If cooking isn’t your forte, there are plenty of restaurants clamoring for your business. More than 10,000 of them — and the 1.3 million-plus Floridians they employ — are represented by the Florida Restaurant & Lodging Association (FRLA), the trade group focused on growing the state’s $112 billion hospitality industry.

While patrons are waiting for their plates to come out of the kitchen, FRLA’s extensive Tallahassee team will be hard at work advancing the trade association’s issues du jour.

Working on FRLA’s behalf in the Capitol are Jim DaughtonWarren HusbandDoug BellLeslie DughiAimee LyonAndy PalmerAllison Liby-Schoonover and Karl Rasmussen of Metz Husband & Daughton.

Though you can pick up some fireworks with your groceries, you’ll need to go elsewhere to find the real-deal blow-off-your-fingers stuff. There are plenty of tents on the side of the road but if you live in the Interstate 4 corridor, consider stopping by Phantom Fireworks Showrooms — also known as “America’s premier fireworks retailer.”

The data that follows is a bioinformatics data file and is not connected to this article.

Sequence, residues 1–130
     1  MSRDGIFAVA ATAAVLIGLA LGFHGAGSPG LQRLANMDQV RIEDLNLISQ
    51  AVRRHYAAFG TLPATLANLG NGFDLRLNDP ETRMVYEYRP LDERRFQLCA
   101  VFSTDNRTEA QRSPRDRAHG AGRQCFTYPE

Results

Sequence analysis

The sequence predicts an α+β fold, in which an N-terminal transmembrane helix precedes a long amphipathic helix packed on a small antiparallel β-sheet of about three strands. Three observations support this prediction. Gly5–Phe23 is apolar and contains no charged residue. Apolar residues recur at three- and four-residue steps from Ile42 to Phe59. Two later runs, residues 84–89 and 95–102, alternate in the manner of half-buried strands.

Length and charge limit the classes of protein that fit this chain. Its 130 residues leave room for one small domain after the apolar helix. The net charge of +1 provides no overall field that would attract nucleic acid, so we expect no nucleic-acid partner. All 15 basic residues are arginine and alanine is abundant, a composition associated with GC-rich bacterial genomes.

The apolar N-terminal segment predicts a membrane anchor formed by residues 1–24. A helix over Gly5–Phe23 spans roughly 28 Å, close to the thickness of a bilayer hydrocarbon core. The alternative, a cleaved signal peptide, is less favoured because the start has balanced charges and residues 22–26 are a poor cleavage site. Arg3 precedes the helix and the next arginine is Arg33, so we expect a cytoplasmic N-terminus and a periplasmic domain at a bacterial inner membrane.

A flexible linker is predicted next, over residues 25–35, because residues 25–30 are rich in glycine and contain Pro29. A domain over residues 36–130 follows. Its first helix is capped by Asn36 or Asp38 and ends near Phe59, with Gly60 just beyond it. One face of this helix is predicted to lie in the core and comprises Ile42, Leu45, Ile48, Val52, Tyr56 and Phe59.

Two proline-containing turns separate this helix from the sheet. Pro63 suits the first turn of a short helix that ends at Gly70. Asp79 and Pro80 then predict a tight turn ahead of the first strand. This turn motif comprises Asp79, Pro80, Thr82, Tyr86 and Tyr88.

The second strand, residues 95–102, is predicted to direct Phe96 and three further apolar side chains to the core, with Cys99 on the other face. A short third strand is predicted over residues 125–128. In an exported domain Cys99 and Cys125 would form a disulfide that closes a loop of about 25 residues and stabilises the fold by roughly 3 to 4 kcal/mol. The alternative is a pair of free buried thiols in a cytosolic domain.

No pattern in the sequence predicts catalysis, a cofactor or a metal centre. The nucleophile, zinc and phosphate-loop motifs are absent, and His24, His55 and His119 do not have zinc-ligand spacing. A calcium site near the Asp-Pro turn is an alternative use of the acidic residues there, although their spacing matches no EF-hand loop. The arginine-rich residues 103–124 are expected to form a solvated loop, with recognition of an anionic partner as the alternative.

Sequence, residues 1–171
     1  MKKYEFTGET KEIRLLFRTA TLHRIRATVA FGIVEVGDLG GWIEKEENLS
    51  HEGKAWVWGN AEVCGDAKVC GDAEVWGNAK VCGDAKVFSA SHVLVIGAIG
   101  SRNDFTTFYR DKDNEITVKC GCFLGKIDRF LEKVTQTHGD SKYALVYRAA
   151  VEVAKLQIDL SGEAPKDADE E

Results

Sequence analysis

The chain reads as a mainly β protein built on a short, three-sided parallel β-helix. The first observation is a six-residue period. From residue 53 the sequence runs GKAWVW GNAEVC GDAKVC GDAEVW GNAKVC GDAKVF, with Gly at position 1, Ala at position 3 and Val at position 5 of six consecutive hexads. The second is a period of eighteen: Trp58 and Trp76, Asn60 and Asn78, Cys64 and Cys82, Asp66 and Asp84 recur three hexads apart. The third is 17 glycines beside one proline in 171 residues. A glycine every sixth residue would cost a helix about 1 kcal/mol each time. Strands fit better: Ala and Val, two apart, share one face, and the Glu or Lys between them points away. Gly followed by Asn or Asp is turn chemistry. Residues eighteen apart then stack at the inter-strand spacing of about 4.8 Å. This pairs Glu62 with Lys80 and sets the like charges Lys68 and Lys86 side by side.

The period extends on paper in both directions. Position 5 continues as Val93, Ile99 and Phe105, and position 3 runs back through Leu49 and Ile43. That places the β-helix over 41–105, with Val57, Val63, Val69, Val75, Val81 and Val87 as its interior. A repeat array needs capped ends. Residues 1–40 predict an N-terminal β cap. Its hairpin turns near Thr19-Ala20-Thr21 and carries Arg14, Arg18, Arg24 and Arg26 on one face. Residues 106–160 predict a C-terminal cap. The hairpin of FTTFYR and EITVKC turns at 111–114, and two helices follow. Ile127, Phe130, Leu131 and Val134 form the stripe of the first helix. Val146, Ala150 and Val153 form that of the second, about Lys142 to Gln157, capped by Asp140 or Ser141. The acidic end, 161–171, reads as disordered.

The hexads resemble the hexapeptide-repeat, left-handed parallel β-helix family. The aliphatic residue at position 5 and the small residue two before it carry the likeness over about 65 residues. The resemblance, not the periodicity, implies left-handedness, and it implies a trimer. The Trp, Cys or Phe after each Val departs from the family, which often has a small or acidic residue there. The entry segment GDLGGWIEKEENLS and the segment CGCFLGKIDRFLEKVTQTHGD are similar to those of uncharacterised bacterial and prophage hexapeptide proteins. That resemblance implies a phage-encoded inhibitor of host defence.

If there’s ever a bill that threatens to blow up the industry, they’ll rely on the team at Jones Walker to shoot it down. The roster includes French BrownMarc DunbarPeter DunbarMartha EdenfieldChris Moya and Jennifer Ungru — thanks to them, it’s been half a decade since Floridians needed to pretend they’re using their stockpile of ordinance to get a flock of birds away from their crops.

Wherever the fireworks come from, make sure to put safety first. Not only could you lose a digit, but you could also start a fire that spreads like … well, wildfire. Unfortunately for Florida firefighters, that means they’ll be on the clock for the holiday weekend.